While the plight of newspapers has been a fixation in the mass media (and, admittedly, on this blog), the less scrutinized struggles of university presses are now becoming apparent. New cost equations, new financial realities, faltering endowments, and new opportunities are all making the next steps for university presses vitally important.
According to a recent story from Inside HigherEd, the University of Michigan Press says:
it will shift its scholarly publishing from being primarily a traditional print operation to one that is primarily digital. Within two years, press officials expect well over 50 of the 60-plus monographs that the press publishes each year — currently in book form — to be released only in digital editions. Readers will still be able to use print-on-demand systems to produce versions that can be held in their hands, but the press will consider the digital monograph the norm.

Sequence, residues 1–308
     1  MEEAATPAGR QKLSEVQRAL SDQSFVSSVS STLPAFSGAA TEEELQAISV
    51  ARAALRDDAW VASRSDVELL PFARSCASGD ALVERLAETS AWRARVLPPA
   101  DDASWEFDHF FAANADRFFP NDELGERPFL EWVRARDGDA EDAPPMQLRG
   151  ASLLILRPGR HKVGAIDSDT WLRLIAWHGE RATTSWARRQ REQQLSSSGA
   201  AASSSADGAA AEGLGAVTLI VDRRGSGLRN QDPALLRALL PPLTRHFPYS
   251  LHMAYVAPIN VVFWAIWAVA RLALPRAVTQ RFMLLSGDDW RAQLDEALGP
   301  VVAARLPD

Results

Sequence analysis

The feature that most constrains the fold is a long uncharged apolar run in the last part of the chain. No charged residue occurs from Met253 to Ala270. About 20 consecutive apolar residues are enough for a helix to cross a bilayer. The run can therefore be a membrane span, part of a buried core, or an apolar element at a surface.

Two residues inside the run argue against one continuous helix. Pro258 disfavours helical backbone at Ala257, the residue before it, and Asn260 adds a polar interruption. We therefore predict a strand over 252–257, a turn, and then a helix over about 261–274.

This follows announcements of layoffs at the University of Missouri Press and the SUNY Press, and the report that Utah State University Press may be forced to close altogether.
The shift to digital offers many advantages, and print on demand (POD) technologies are coming into their own just in time if the goal is still to make printed materials. But the economics of POD are radically different, and the challenge will shift from a production challenge to a marketing challenge.
If presses can retool to meet these new challenges, they might survive, and even thrive. But time is short.
In fact, these times might be eminently suited to a reinvented university press, one that celebrates and validates blogging as a way of unleashing niche knowledge and subject-level passion, that uses the superior distribution of the Internet to achieve mainstream visibility, and that replaces an organizational structure based on the scarcity model (centralized decision-making and intermediation) with one based on plenty (decentralized authority and apomediation).
Could a blogging network of university presses work?